Demographic items Sample Voluntary sample those who completed questionnaire n=242 (34% return rate) Research Design Case Study Pre-experimental, one group pretest - posttest design, no control Sample: 8 elementary school librarians from one school district in Virginia Instrumentation - Qualitative Activity Purpose

Qualitative Data Pre-Observation Library Space The current use of color in the library space Pictures, video, written description Pre-Observation Class Instruction How the librarian uses color in teaching a primary grade class

Interview Further information about knowledge and Written description, attitudes; differentiation, accommodations, audio answer questions that have arisen Pictures, audio, written description Training Color Vision Deficiencies and Universal Design for Learning Blog prompts Training follow-up, applying what was learned

Blog responses Post-Observation Library Space Changes in use of color Pictures, video, written description Post-Observation Changes in use of color; new ideas class instruction; informal discussion Pictures, audio, written

description Findings - Knowledge What do elementary school librarians know about color vision deficiencies? Knowledge items Statewide: = 2.82 Case study: = 2.73 Some items had high number of 0 responses from statewide and case study Over 60% of statewide respondents had a personal connection with CVD Knowledge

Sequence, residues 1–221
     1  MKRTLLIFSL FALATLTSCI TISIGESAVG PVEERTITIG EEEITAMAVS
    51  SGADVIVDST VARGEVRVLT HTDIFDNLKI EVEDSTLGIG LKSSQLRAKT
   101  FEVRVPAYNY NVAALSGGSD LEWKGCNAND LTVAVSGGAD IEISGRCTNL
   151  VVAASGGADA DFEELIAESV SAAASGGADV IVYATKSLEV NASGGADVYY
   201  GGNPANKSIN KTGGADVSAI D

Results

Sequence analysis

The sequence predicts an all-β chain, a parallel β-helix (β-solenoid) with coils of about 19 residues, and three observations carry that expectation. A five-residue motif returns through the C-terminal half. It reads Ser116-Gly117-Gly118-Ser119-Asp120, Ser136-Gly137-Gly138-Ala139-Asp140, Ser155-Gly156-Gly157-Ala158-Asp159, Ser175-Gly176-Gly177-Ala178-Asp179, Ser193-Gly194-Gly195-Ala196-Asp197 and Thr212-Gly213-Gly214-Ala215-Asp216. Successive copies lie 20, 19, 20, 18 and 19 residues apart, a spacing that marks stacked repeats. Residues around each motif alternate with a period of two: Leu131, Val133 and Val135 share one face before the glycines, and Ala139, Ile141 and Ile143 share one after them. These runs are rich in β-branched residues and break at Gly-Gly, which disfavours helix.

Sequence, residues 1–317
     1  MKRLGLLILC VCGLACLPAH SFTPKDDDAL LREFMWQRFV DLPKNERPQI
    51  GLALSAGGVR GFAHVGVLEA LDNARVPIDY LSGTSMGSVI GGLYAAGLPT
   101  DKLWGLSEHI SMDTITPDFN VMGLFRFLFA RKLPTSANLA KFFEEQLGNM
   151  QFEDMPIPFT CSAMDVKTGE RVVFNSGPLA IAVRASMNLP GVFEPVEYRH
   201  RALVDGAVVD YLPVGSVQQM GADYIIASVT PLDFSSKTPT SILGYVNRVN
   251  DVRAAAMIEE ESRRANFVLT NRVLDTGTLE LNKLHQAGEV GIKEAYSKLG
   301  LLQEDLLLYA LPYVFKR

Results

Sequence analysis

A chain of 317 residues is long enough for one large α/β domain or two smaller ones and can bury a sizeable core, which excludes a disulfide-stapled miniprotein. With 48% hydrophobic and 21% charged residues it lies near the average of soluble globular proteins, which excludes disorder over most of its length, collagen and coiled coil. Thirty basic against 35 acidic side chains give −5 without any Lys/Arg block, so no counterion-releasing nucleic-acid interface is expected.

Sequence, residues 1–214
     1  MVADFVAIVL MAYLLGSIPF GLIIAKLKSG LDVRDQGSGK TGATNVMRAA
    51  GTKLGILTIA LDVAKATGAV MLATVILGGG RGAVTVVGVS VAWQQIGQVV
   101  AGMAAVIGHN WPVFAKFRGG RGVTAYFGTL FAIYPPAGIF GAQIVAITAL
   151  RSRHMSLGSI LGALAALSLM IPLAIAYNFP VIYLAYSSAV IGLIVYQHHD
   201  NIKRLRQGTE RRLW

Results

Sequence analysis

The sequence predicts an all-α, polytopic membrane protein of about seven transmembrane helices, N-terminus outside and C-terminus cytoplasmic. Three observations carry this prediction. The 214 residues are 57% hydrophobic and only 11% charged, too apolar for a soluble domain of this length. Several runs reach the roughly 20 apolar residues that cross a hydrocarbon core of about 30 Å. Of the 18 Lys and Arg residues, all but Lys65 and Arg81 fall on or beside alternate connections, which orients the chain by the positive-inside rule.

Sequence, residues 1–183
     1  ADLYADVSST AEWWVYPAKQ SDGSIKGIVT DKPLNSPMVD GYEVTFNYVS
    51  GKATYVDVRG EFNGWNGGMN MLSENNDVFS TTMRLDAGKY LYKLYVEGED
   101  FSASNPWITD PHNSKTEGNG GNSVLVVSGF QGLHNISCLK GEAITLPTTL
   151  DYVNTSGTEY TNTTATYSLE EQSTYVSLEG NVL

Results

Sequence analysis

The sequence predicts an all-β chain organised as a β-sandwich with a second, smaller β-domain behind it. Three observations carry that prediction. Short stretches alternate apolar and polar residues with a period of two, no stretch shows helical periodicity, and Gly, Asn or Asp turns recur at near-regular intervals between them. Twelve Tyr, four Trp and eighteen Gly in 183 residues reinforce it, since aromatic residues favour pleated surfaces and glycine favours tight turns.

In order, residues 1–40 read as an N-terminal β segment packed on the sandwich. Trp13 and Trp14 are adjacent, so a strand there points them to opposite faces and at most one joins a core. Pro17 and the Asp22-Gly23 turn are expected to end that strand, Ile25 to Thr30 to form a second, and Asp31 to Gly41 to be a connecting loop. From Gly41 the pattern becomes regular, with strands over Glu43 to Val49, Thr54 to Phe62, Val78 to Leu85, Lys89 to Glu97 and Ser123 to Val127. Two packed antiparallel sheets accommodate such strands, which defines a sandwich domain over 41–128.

High mean scores: General knowledge of color vision deficiencies Low mean scores: Library design and instruction for color vision deficiencies Zero Responses Item N (state) N (case) Color vision deficiency is classified as a disability under 174 7 Special Education guidelines In Virginia, all children are tested for color vision

125 5 deficiencies as part of the vision screening before entering school Findings - Attitude What attitudes or understandings do elementary school librarians exhibit related to color vision deficiencies? Attitude items Statewide: = 2.68 Case study: = 2.73 Some items had high number of respondents on statewide and case study choose do not know

Support and self-advocacy Attitude High Mean Scores Training about color vision deficiencies would be helpful for educators If I suspected a student was color vision deficient, I would want to help him/her Low Mean Scores If I suspected a student was color vision deficient, I would know how to help him/her Color vision deficiencies are discussed in Education courses in college Teachers know if there are students in their classes with color